I believe in eternal life. That does not mean that I do not grieve when someone dies. I feel my feelings and then I remember the truth about death. Death is Nature’s way of getting rid of a body that no longer serves us.
My friend, and friend to our Center, Faith Strong, made her transition from this life to the next one in the early-morning hours of Sunday, February 10. I love her and I miss her.
Faith modeled for me what is possible in terms of prosperity, dreaming big, motivating others, and moving through her fears.
Faith is known as the mother of Alcoholics Anonymous in the Soviet Union, now Russia. The idea came to her at a time in which she was being challenged to make a huge commitment, one she didn’t know how to do. As a long-time AA member, Faith knew the benefits of the program. She, like the rest of the world, knew that the Russian people had serious alcohol issues. One of the main tenets of Alcoholics Anonymous is anonymity. In order to go to a foreign country to do this work, she had to give up her anonymity and so would the men and women who went with her. Many people in the program were unhappy with her idea. She was “threatened” for helping the “enemy” and berated for giving up her anonymity. But, in her heart, she knew she was doing the right thing.
Faith has written 9 books, the most recent is The Glories of Aging, a humorous look at the lack of privacy and dignity for our elders.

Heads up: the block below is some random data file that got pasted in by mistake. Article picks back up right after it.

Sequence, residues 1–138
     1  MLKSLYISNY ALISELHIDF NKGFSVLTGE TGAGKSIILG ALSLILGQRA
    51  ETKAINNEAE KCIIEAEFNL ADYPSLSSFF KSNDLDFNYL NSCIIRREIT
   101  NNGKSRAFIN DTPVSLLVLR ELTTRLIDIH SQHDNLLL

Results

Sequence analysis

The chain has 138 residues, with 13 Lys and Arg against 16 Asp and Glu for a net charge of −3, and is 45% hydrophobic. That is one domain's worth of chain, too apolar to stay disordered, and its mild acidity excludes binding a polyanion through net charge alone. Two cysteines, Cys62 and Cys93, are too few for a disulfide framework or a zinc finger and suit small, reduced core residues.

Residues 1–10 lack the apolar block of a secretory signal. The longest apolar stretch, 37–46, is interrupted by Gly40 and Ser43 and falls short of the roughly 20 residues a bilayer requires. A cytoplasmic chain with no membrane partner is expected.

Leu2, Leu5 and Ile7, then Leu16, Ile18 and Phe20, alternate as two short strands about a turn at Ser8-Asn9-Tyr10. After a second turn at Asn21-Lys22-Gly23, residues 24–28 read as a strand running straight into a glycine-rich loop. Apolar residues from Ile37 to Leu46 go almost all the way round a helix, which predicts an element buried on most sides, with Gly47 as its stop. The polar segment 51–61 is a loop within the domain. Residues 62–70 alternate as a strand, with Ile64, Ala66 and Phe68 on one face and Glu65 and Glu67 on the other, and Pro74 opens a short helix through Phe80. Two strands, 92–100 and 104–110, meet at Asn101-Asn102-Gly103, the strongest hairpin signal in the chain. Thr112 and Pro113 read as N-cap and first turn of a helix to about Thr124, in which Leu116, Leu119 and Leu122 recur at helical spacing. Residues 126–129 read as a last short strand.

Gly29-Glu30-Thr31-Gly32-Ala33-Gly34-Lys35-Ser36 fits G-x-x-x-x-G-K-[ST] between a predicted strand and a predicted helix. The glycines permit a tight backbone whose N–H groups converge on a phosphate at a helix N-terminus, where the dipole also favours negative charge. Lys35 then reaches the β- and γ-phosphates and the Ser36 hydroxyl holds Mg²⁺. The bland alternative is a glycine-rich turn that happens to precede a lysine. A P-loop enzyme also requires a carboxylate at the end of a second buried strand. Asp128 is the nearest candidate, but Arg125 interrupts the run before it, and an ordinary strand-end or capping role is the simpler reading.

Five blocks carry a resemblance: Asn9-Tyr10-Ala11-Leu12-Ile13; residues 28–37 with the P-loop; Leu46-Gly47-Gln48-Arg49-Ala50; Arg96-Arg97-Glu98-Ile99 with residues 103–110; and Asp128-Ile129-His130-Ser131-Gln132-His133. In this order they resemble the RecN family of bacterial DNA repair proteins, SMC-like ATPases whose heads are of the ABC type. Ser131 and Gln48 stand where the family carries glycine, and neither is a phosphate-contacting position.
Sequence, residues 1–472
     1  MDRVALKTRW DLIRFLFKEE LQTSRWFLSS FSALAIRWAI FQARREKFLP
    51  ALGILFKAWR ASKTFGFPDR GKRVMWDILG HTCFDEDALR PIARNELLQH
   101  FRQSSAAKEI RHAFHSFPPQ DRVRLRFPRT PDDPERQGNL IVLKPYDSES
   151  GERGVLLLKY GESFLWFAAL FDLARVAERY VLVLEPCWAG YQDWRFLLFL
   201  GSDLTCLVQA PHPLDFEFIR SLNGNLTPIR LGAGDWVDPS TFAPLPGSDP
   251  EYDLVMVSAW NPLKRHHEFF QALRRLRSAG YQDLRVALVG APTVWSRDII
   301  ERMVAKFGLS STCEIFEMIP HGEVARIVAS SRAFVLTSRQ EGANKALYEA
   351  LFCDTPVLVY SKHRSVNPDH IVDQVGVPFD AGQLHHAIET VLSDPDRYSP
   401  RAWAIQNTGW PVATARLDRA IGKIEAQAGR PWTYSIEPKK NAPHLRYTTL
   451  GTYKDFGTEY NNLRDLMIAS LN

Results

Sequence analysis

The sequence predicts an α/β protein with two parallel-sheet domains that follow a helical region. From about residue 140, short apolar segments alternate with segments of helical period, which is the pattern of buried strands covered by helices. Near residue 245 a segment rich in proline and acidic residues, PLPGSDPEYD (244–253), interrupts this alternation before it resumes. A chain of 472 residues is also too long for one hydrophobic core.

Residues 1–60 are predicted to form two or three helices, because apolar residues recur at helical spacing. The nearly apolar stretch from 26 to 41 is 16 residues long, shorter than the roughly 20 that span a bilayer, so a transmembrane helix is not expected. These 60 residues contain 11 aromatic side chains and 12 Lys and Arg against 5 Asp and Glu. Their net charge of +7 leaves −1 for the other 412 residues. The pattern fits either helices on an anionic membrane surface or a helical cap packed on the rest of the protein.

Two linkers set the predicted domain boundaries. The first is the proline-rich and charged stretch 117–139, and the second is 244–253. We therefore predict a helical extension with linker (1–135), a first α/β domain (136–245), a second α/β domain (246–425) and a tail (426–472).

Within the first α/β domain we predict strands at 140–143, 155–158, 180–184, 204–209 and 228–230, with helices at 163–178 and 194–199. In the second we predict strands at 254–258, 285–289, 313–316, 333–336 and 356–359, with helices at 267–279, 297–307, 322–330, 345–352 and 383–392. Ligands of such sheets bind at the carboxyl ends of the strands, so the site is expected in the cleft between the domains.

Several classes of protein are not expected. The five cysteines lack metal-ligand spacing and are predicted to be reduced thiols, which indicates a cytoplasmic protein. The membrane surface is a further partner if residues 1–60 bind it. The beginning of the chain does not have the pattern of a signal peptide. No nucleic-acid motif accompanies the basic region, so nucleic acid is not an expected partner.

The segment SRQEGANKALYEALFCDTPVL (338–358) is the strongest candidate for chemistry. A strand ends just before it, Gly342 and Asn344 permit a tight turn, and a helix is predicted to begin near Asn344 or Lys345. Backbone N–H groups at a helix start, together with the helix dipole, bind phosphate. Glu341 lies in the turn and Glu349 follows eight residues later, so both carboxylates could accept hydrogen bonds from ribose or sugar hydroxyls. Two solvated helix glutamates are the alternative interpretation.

I talked to Faith 6 days a week and we prayed together. Her faith deepened my faith.
She always would end our sessions with a sincere compliment.
She would say, “You are so good at this! Honey, that helped me so much.”
Her praise helped me so much. Her belief in me helped me tremendously. Her love for me and mine for her was real, and she will always live in my heart.
She is with me and with all those who love her. She is with us when we think about her. Life is eternal.
On Monday of this week, I met with Faith’s daughter, Deborah, to talk about her Celebration of Life. Deborah shared the following piece written by Henry Scott Holland:
“DEATH is nothing at all. I have only slipped away into the next room. I am I, and you are you. Whatever we were to each other, that we still are. Call me by my familiar name, speak to me in the easy way which you have always used. Put no difference in your tone, wear no forced air of solemnity or sorrow. Laugh as we always laughed at the little jokes we enjoyed together. Let my name be ever the household word that it always was, let it be spoken without effect, without a trace of shadow on it. Life means that all that it ever meant. It is the same as it ever was; there is unbroken continuity. Why should I be out of mind because I am out of sight? I am waiting for you, for an interval, somewhere very near, just around the corner. All is well.”